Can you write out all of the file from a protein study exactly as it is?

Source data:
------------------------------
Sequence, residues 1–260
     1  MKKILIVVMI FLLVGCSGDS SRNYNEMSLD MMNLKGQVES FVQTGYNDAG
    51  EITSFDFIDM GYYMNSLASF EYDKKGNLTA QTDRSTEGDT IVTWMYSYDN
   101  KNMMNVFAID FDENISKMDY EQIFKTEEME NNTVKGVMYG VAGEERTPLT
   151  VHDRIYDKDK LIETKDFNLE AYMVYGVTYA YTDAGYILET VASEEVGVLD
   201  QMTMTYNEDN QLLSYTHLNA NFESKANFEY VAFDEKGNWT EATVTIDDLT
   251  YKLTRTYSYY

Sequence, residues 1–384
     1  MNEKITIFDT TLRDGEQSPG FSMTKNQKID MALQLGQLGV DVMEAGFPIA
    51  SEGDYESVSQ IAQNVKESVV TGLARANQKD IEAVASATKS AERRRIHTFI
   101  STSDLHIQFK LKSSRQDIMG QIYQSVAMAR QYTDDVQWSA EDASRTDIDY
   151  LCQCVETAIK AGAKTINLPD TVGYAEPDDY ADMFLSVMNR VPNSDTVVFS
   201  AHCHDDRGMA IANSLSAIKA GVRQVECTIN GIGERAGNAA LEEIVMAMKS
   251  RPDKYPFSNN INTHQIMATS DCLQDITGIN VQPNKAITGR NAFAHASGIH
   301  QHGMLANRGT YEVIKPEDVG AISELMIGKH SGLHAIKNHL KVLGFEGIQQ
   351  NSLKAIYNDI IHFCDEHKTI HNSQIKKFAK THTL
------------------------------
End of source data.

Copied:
Sequence, residues 1–260
     1  MKKILIVVMI FLLVGCSGDS SRNYNEMSLD MMNLKGQVES FVQTGYNDAG
    51  EITSFDFIDM GYYMNSLASF EYDKKGNLTA QTDRSTEGDT IVTWMYSYDN
   101  KNMMNVFAID FDENISKMDY EQIFKTEEME NNTVKGVMYG VAGEERTPLT
   151  VHDRIYDKDK LIETKDFNLE AYMVYGVTYA YTDAGYILET VASEEVGVLD
   201  QMTMTYNEDN QLLSYTHLNA NFESKANFEY VAFDEKGNWT EATVTIDDLT
   251  YKLTRTYSYY

Sequence, residues 1–384
     1  MNEKITIFDT TLRDGEQSPG FSMTKNQKID MALQLGQLGV DVMEAGFPIA
    51  SEGDYESVSQ IAQNVKESVV TGLARANQKD IEAVASATKS AERRRIHTFI
   101  STSDLHIQFK LKSSRQDIMG QIYQSVAMAR QYTDDVQWSA EDASRTDIDY
   151  LCQCVETAIK AGAKTINLPD TVGYAEPDDY ADMFLSVMNR VPNSDTVVFS
   201  AHCHDDRGMA IANSLSAIKA GVRQVECTIN GIGERAGNAA LEEIVMAMKS
   251  RPDKYPFSNN INTHQIMATS DCLQDITGIN VQPNKAITGR NAFAHASGIH
   301  QHGMLANRGT YEVIKPEDVG AISELMIGKH SGLHAIKNHL KVLGFEGIQQ
   351  NSLKAIYNDI IHFCDEHKTI HNSQIKKFAK THTL